Poll

Would you count accelerated payments for student loans as spending?

Yes
2 (6.5%)
No
29 (93.5%)

Total Members Voted: 31

Author Topic: would you count accelerated payments for student loans as increased spending?  (Read 2111 times)

CCCA

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We are considering paying off my wife's student loans, which are about $30k.  We spend about $300 per month to pay off the principal and interest.  I know its mostly a matter of semantics but I'm curious whether other Mustachians would consider paying off the loan faster than the normal amortization as "spending".   E.g. if we decided to pay it all off this year, should our annual spending reflect this payoff amount?


We are aware relative merits of paying off vs not.  The question focuses mainly on the slightly disparate goals of (1) minimizing our recurring spending and (2) maximizing the size of our 'stache. 

boarder42

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Who cares it won't be spending when you're FIREd so it isn't relevant to anything

notactiveanymore

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While we were paying off student loans, I categorized things broadly in my mind as Savings, Debt Payments, Required Spending, and Discretionary Spending. I didn't think of debt payments as spending because it increased my net worth.


boarder42

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People greatly over think spending and savings rates here. The shockingly simple math is a get your foot in the door post. The only thing relevant is

What do you plan to spend in retirement. Some things like healthcare is covered by your company. You will likely spend more on that. Taxes you likely pay more now so this expense will decrease. 

Once you know this you can figure out how much you need. Then just take what you plan to save each year and extrapolate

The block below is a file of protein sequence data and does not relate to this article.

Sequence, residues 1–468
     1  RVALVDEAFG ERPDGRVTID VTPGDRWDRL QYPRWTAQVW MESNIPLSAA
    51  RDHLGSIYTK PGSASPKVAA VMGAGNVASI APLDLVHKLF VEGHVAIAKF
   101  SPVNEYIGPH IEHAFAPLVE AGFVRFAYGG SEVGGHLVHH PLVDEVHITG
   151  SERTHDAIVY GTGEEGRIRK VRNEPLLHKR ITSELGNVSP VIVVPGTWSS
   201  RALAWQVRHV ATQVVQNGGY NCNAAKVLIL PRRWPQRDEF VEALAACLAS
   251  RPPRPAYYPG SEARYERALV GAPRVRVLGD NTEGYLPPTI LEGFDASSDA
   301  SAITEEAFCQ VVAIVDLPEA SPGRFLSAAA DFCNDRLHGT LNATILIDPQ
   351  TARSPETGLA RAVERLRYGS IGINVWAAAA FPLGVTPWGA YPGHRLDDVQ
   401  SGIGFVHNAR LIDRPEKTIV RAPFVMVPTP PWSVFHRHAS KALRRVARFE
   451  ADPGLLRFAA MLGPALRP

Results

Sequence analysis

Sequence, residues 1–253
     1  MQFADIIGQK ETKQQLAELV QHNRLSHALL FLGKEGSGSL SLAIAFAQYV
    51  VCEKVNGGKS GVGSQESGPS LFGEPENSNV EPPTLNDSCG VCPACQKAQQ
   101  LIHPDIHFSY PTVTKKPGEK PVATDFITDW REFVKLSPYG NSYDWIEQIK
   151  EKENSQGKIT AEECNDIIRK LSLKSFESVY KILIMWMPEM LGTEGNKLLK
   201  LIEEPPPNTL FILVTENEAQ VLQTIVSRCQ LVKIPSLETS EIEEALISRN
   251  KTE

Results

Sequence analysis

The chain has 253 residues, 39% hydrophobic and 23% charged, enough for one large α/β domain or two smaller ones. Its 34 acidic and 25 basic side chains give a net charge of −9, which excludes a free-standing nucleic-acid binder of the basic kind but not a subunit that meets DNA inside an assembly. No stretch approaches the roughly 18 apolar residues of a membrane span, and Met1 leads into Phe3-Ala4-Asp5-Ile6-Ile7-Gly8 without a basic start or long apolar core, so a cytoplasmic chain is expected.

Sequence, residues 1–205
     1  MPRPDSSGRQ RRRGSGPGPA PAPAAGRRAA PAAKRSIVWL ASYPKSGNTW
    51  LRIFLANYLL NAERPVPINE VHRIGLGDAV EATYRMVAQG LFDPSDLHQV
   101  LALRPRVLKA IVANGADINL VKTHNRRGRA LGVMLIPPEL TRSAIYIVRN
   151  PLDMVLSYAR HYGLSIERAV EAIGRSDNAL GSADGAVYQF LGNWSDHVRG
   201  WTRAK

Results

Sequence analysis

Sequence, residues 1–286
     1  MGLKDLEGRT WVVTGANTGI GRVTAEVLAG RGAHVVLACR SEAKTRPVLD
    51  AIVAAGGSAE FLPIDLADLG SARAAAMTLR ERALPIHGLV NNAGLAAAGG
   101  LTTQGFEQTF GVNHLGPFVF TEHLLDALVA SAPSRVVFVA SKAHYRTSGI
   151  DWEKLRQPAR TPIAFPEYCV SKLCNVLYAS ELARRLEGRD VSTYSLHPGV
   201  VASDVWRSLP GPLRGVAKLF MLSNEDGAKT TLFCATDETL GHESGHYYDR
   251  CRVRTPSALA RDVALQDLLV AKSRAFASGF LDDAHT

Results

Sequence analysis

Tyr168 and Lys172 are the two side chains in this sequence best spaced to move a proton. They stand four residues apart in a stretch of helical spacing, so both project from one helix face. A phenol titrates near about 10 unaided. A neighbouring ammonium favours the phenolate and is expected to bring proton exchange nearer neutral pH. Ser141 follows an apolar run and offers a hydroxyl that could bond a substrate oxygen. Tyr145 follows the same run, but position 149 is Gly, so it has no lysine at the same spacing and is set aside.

CCCA

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While we were paying off student loans, I categorized things broadly in my mind as Savings, Debt Payments, Required Spending, and Discretionary Spending. I didn't think of debt payments as spending because it increased my net worth.


Interesting approach. Does your "Debt Pyament" category also apply to mortgage payments as well?
Doing that would certainly reduce our "spending".

notactiveanymore

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While we were paying off student loans, I categorized things broadly in my mind as Savings, Debt Payments, Required Spending, and Discretionary Spending. I didn't think of debt payments as spending because it increased my net worth.


Interesting approach. Does your "Debt Pyament" category also apply to mortgage payments as well?
Doing that would certainly reduce our "spending".

We don't have any debt now. We paid off the 55k at 6.8% in student loans and now we're saving up for a down payment. I probably wouldn't treat it the same way with a mortgage because most of your mortgage payment is not increasing your net worth. We were paying the loans so aggressively that it was pretty close to a dollar for dollar return, especially for the last half of the 21 month payoff.

Like previous posters alluded, these kinds of numbers don't really matter except for how they are useful to you and your long term planning. It was encouraging for us to see we were putting about 48-55% of our net each month towards either debt or savings. Since the pay off had a finite end point it made sense for our projections to consider it as separate from "spending."

nereo

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Don't miss the forest for the trees. As long as you are aware of the arguments about paying down debt vs investing more than any money put towards either results on you being on better financial footing.

NoStacheOhio

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In my monthly cash flow spreadsheet, they're money going out, but on a more macro level, they're more like saving.

BlueHouse

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I would not count it as spending.  I would categorize it as savings, because your choices are to put it in the bank or to pay something off sooner.  (of course you could also buy new stuff, but you're not considering that). 

It increases your net worth by reducing a liability, so that's the justification. 

When I pay extra on my mortgage, I count that as savings.  Many people do. 

khangaroo

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In my spreadsheet budget, I have 3 categories: saving, bills, and credit cards (spending). When I was paying off my student loans, I had a sub-category underneath bills that was "Additional Student Loan Payment." So I guess it depends on your categorization and definition of saving/spending.

How I define a savings contribution is if it increases your tangible assets. In this sense, the payment would not fit because you are not increasing your assets, you're paying down a loan.

cchrissyy

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I categorize extra payments as "loan principal" in mint, which is treated as a transfer.   

It's neither income nor expense, it is just a neutral movement on my balance sheet. An asset and a debt fall together.